Spicy Grilled Shrimp. Nothing quite matches the sweet, intense, slightly charred taste of shellfish when it’s cooked on the grill. Add a bit of spice and (pardon the rhyme) you got something nice. Something versatile, too. These sweet and spicy little flavor bombs can be incorporated into a meal in many different ways. Appetizers. Salads. Main Course. But grilling shrimp is trickier than you might think.
When grilling shrimp outside with friends, you hardly need a recipe. Because grilling is much more about technique. Shrimp are great place to start honing your general grill technique. They cook quickly, and introduce you to many of the principals of bigger (beefier) cuts of meat.
Generally speaking, whatever you’re grilling– whether it’s shrimp or brontosaurus burgers, whether you use gas or charcoal– it’s usually best to create two heat zones. One for high, direct heat and another for low, indirect heat. The direct-heat area is where you typically begin, letting the flames lick the meat with the lid open. Thicker cuts are then moved to the indirect-heat zone to finish cooking, with the lid closed; the meat won’t burn, and it will stay moist. This works particularly well with chicken, whose skin can get far too charred while waiting to get cooked through. This 2 zone method is a general “rule of the grill” one you’ll learn to use or ignore as you see fit once you become a grill master. I admit that I’m no grill master so I set up the grill this way no matter what I’m cooking– even shrimp, which often don’t require any indirect heat at all. That way I have some flexibility. Besides it’s a good habit to get into.
When it comes to grilling shrimp specifically, the first rule is: the bigger the better. Smaller shrimp can fall through or become squeezed between the grates. Which can impede your speed (again with the rhyme). Particularly bothersome with shrimp that cook quickly and keep you on your toes. Skewers help in general, and are mandatory with smaller shrimp.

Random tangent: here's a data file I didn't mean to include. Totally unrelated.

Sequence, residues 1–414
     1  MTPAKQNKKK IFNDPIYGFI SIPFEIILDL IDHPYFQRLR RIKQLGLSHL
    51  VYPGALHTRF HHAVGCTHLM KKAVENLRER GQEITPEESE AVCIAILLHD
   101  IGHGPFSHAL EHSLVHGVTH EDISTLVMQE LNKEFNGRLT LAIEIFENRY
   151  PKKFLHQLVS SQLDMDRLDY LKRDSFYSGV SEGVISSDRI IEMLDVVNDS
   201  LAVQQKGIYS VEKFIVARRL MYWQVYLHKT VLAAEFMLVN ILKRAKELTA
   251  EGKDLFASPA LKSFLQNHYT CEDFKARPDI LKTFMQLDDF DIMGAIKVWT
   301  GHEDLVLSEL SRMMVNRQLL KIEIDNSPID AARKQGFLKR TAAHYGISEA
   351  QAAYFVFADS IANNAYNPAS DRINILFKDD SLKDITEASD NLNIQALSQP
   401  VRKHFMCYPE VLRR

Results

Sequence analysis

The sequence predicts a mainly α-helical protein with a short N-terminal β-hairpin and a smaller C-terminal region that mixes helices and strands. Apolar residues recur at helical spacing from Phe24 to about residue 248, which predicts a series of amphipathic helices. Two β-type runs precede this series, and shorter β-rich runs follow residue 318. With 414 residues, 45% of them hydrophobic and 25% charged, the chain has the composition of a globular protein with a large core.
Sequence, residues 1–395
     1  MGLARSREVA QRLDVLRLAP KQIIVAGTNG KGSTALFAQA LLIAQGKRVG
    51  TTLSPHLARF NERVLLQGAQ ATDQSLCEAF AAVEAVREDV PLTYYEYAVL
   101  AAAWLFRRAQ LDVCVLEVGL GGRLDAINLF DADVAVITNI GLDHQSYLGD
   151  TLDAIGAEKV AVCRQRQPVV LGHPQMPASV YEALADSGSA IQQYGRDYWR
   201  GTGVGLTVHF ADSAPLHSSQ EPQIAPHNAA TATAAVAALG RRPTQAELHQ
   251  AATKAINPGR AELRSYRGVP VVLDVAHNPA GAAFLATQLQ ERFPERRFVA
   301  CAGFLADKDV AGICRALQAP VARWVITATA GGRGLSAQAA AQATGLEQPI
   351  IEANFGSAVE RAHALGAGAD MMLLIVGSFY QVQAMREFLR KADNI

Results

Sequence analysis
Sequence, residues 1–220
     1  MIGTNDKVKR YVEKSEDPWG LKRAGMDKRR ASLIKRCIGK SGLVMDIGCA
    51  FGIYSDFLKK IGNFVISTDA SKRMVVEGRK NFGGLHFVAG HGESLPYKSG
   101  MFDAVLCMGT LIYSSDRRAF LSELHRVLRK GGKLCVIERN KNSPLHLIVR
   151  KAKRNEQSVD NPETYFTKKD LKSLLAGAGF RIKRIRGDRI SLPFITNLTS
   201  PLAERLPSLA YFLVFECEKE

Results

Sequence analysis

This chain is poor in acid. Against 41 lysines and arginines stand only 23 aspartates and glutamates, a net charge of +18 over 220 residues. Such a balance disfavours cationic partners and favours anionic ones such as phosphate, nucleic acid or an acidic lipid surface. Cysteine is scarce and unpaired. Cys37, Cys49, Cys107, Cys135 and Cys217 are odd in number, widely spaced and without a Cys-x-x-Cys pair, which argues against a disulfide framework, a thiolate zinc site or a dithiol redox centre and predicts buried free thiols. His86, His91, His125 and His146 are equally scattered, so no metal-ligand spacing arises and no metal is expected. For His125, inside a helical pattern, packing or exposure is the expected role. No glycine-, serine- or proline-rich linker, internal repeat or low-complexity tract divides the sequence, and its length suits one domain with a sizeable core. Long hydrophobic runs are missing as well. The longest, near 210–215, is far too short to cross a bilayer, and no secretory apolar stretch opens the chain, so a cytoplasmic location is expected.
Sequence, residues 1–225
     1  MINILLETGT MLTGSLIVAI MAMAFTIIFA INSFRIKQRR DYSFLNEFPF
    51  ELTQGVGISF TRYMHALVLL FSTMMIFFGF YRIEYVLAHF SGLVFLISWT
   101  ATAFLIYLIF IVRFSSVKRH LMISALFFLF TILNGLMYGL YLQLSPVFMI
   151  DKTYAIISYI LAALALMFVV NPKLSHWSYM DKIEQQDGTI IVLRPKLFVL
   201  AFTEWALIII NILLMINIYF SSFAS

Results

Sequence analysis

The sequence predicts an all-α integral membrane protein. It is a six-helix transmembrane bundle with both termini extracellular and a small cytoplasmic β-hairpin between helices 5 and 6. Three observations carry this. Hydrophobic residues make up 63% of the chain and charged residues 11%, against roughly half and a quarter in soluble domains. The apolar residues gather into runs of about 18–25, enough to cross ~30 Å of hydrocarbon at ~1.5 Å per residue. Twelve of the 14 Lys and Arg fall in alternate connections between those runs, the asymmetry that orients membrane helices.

The next thing to consider is whether to leave the shells on or take them off. Leaving the shells on during the grilling will make the flesh harder to overcook and a bit more moist. But it will also make de-veining, skewering and serving of the shrimp a bit messier. I am a fairly diligent while at the grill and rarely overcook, so I generally remove the shells– especially on smaller shrimp. The shrimp will take the flavor of the smoke, marinade or sauce better. Besides the squeamish eaters won’t irritate me quite so much if I do the hard work for them. I do leave the tails on however– and yes I often eat the tails (shell and all).
De-veining is the tedious task of removing the shrimp’s digestive track. There’s no health reason to remove it. But the idea of it is unappealing to most people. Which means that the squeamish eaters will probably hurl at the table. I don’t want that, so I almost always de-vein. Hurling is even grosser than shrimp poop in my book.
Whether you use a brush or a rag, grease the grates after they’re hot. Don’t burn yourself.
Shrimp are delicious all on their own. But they have a mild flavor that can benefit from brines, marinades and sauces. Experiment. In fact start your experimentation by grilling shrimp in this sweet and spicy sauce I adapted from Martha Stewart.
That’s really all you need to know about grilling shrimp. However, the thing about shrimp– and this goes for the grill or the stove or the oven or wherever– is this: shrimp are extremely easy to overcook. More than a couple of minutes is often too much. I like shrimp at the point where they’ve just lost that translucence and are still pliant. You have to watch them because they make the transition quickly.